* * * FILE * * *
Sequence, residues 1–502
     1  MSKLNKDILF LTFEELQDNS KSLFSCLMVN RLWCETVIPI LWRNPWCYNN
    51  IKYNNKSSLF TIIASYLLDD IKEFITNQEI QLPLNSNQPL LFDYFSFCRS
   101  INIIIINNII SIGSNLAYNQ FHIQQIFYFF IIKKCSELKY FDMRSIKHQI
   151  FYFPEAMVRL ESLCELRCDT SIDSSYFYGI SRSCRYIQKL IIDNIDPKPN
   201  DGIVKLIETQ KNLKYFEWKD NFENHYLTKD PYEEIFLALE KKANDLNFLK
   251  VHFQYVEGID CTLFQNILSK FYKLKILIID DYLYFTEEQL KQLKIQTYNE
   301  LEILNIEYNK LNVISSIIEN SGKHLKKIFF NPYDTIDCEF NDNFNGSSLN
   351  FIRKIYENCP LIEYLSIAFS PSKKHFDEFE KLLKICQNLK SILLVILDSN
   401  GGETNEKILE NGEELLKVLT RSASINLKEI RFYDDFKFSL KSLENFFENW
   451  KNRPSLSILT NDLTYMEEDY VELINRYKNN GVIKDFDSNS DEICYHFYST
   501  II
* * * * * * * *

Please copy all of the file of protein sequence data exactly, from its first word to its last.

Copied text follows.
Sequence, residues 1–502
     1  MSKLNKDILF LTFEELQDNS KSLFSCLMVN RLWCETVIPI LWRNPWCYNN
    51  IKYNNKSSLF TIIASYLLDD IKEFITNQEI QLPLNSNQPL LFDYFSFCRS
   101  INIIIINNII SIGSNLAYNQ FHIQQIFYFF IIKKCSELKY FDMRSIKHQI
   151  FYFPEAMVRL ESLCELRCDT SIDSSYFYGI SRSCRYIQKL IIDNIDPKPN
   201  DGIVKLIETQ KNLKYFEWKD NFENHYLTKD PYEEIFLALE KKANDLNFLK
   251  VHFQYVEGID CTLFQNILSK FYKLKILIID DYLYFTEEQL KQLKIQTYNE
   301  LEILNIEYNK LNVISSIIEN SGKHLKKIFF NPYDTIDCEF NDNFNGSSLN
   351  FIRKIYENCP LIEYLSIAFS PSKKHFDEFE KLLKICQNLK SILLVILDSN
   401  GGETNEKILE NGEELLKVLT RSASINLKEI RFYDDFKFSL KSLENFFENW
   451  KNRPSLSILT NDLTYMEEDY VELINRYKNN GVIKDFDSNS DEICYHFYST
   501  II